First off: Happy Birthday, Helvetia! At 721 and counting, you look better than ever before, with your best days still ahead of you.
In nine days’ time, on 10 August 2012, I will have been Swiss for 12 years. That date in 2000 marked for me a day of no return.
Chinese ethnicity binds you to a nation of unparallelled glorious history. We were the ones that made the stuff you now feed into the Xerox machine, and we also invented gunpowder, although we don’t like how this world’s using it at random, in arbitrarily beating up peoples. On more “harmonious” notes, we pioneered the concept of peace and harmony. Confucius advocated for harmony, and even if the past few years didn’t see it realized to perfection, at least China has behind it decades of decent growth, even if that growth came with a few street protests when alien plants decided to build toxic plants in the wrong parts of the country. At night, it’s my Chinese blood that keeps everything up and running, even if I’m off for more train journeys in my dreams.
But Switzerland takes all of this to the next level. While Beijing is desperately trying to outfox the London Underground by moving their trains underground, Zürich has a proud tram system so good, even the Starbucks Zürich mug features these legendary trains. (Even the Peak train on the Hong Kong mug is Swiss — it’s from vonRoll!) The Swiss Federal Railways, even without China’s deluxe high speed lie-flat beds, is about as good as it gets out there on the rails, and the Swiss people are efficient, if not a tad reserved, people. The Swiss are also a nation willing to stand up for themselves, despite their vast intercantonal and multilingual differences. That’s why 721 years ago, the Federal Charter of 1291 came into being. It promised the men of Uri, Schwyz and Unterwalden (now Nidwalden and Obwalden), Switzerland’s first three cantons as a confederation, mutual assistance and defence and established the most fundamental moral principles for the nation.
Switzerland stands for smallness, but also success. It’s not attention-seeking, but it has some of the world’s very best cities. It’s a terrible offence to ask a Swiss how much money he earns every month, but the Swiss are also some of the most affluent people out there. But the Swiss have something better to do than to stock up on, say, LVMH bags; they perfect their land. They stand for precision. Every summer, motorways are done anew, with better road surfaces all part of the regular programme. Road signs are always in pristine condition, and they’ve also picked a world-class font, Frutiger, to make them even more legible. The bit of Motorway A3 from Zürich-West to Cham-West opened just a few years ago, but it was built with Swiss precision. Unlike subway tunnels that fall into themselves just after they’re done, as they are in some lesser lands where GDP is something merely to make “the top” happy, these Swiss tunnels are built to last. And you can sleep happy knowing that their construction was approved, as in many a Swiss issue, the population has to be consulted with, so the disasters in some developing countries where government mansions are invaded by angry locals (because corrupt officers happened to make it easy for alien entities to infiltrate their cities with toxic plans) remain something outside of Swiss boundaries only. Indeed, the Swiss population is a fearsome lot: 100,000 signatures from eligible voters are all that’s needed to even overturn the Federal Constitution! But they are also a rational lot: although they were irrational in what they did with the so-called “minaret ban”, they at least did not stoop so low as to accept the “free beer for all” initiative (which really happened!). Switzerland has its wackier aspects, too: graffiti is ubiquitous, for example, and sometimes nobody obeys the queueing code when the train doors swing wide open (except maybe the tourists!). But Switzerland is a country at peace with itself, in general (despite four languages in one country), and it is far more interested in being a highly respected member of the world community than being some kind of world police. Its products are the stuff of legend, a far cry from the sub-par toys that too often bear the brunt of dumping scandals, and its people are equally up-to-speed as well.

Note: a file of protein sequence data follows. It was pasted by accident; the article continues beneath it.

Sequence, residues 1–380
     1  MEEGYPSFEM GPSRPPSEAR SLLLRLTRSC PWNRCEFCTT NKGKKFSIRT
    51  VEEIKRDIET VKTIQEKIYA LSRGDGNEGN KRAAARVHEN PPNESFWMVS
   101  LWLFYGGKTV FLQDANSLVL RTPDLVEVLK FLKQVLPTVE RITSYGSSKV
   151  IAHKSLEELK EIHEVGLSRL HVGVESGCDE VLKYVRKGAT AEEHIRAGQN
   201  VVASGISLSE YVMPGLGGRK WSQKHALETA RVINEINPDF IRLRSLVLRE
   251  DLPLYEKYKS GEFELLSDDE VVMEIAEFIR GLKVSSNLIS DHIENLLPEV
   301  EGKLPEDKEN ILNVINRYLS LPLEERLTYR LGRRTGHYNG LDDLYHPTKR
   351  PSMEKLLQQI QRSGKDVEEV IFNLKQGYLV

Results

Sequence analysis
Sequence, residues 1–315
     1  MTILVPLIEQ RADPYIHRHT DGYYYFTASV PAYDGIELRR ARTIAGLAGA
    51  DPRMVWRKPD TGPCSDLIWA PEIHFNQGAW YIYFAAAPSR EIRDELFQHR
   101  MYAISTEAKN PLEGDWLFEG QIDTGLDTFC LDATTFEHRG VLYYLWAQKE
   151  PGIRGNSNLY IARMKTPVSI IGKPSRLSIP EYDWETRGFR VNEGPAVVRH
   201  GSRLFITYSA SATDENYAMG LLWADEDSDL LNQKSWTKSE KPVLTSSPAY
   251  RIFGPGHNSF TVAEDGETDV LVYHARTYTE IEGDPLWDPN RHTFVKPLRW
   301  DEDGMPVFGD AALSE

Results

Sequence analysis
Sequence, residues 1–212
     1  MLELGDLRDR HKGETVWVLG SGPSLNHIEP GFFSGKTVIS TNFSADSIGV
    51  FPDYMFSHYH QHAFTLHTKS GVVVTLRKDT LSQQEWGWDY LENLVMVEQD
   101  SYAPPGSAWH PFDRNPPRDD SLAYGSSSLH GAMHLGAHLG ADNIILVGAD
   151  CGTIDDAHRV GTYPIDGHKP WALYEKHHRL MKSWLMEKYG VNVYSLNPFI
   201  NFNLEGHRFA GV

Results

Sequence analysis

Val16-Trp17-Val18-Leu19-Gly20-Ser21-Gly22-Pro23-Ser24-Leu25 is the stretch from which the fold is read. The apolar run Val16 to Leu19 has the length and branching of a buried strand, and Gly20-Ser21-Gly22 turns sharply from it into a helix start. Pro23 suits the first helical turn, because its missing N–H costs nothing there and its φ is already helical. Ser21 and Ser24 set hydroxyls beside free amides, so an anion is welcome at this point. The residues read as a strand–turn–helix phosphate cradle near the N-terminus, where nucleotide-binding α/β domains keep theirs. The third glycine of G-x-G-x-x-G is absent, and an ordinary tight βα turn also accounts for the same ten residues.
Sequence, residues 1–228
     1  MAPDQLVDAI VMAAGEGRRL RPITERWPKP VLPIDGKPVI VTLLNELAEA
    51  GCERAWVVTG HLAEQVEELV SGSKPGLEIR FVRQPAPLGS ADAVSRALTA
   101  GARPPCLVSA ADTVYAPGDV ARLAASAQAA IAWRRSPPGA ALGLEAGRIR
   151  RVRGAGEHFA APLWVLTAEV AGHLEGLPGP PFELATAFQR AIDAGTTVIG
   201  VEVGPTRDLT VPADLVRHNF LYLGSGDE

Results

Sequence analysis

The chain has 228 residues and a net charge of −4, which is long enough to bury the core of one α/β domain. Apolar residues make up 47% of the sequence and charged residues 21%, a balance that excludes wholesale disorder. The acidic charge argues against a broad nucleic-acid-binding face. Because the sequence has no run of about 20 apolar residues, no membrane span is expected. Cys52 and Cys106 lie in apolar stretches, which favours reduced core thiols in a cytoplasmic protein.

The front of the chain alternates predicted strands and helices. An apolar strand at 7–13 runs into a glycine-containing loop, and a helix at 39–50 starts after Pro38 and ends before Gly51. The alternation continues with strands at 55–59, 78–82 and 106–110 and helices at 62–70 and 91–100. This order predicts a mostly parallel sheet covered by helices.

My plan now calls for me to return to this bit of heaven on Earth in two weeks’ time. I owe my country a visit that I’ve procrastinated for too long. My allegiance is with Helvetia, but in particular with the canton of Zürich and the locality of Opfikon. Indeed, it must have been an extremely relaxed naturalization interview (all in Swiss-German!) that made the people in charge of Opfikon satisfied that I’m the kind that it takes to be Swiss. Unlike overseas renegades who care less about their red passport in their hands, I take the Swiss passport that I have as one of the most important IDs I hold, and quite proudly so. It joins the PhD certificate and the eventual teaching certificates, as well as, most importantly, the birth and marriage certificates as one of the most important documents I’ll hold this life.
When I return I will go back to the places that allowed me, a Beijing-born, Swiss-educated multicultural decilingual, to be taught and be inspired. But more importantly, these places will bear new significance to me as a future World Citizen and academic. Building on thirty years of what I’ve learnt and experienced, I have plans to travel the world in search of new knowledge, new experience, and a fuller understanding of the Chinese, the Swiss, and the whole human race, with all its cultures and nationalities. And in everything I do, the connection to Opfikon is permanent with the name of that place forever enshrined in my Swiss passport as my Swiss “Place of Origin” (Heimatort).